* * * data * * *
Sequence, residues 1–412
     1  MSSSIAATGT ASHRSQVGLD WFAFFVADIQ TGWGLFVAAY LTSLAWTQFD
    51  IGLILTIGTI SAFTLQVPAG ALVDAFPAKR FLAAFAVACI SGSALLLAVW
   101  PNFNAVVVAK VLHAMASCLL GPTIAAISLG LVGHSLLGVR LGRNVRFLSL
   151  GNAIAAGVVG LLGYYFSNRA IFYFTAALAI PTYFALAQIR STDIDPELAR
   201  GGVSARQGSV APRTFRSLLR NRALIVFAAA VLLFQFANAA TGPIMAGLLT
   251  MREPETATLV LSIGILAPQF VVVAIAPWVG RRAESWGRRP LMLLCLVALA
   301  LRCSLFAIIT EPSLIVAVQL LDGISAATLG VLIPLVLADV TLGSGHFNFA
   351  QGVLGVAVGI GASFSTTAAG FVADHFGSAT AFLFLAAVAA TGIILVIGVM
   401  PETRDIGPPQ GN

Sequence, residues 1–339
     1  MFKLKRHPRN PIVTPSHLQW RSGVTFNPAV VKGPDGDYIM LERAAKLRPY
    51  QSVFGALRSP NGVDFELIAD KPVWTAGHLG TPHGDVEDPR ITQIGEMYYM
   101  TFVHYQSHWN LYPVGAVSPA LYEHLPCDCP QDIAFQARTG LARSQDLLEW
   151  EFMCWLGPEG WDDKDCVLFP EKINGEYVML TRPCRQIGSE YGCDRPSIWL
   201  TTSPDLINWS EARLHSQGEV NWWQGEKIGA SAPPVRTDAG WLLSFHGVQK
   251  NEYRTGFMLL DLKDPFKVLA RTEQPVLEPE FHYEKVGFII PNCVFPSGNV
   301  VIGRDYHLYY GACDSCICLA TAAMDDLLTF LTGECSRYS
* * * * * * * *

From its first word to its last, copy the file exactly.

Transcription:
Sequence, residues 1–412
     1  MSSSIAATGT ASHRSQVGLD WFAFFVADIQ TGWGLFVAAY LTSLAWTQFD
    51  IGLILTIGTI SAFTLQVPAG ALVDAFPAKR FLAAFAVACI SGSALLLAVW
   101  PNFNAVVVAK VLHAMASCLL GPTIAAISLG LVGHSLLGVR LGRNVRFLSL
   151  GNAIAAGVVG LLGYYFSNRA IFYFTAALAI PTYFALAQIR STDIDPELAR
   201  GGVSARQGSV APRTFRSLLR NRALIVFAAA VLLFQFANAA TGPIMAGLLT
   251  MREPETATLV LSIGILAPQF VVVAIAPWVG RRAESWGRRP LMLLCLVALA
   301  LRCSLFAIIT EPSLIVAVQL LDGISAATLG VLIPLVLADV TLGSGHFNFA
   351  QGVLGVAVGI GASFSTTAAG FVADHFGSAT AFLFLAAVAA TGIILVIGVM
   401  PETRDIGPPQ GN

Sequence, residues 1–339
     1  MFKLKRHPRN PIVTPSHLQW RSGVTFNPAV VKGPDGDYIM LERAAKLRPY
    51  QSVFGALRSP NGVDFELIAD KPVWTAGHLG TPHGDVEDPR ITQIGEMYYM
   101  TFVHYQSHWN LYPVGAVSPA LYEHLPCDCP QDIAFQARTG LARSQDLLEW
   151  EFMCWLGPEG WDDKDCVLFP EKINGEYVML TRPCRQIGSE YGCDRPSIWL
   201  TTSPDLINWS EARLHSQGEV NWWQGEKIGA SAPPVRTDAG WLLSFHGVQK
   251  NEYRTGFMLL DLKDPFKVLA RTEQPVLEPE FHYEKVGFII PNCVFPSGNV
   301  VIGRDYHLYY GACDSCICLA TAAMDDLLTF LTGECSRYS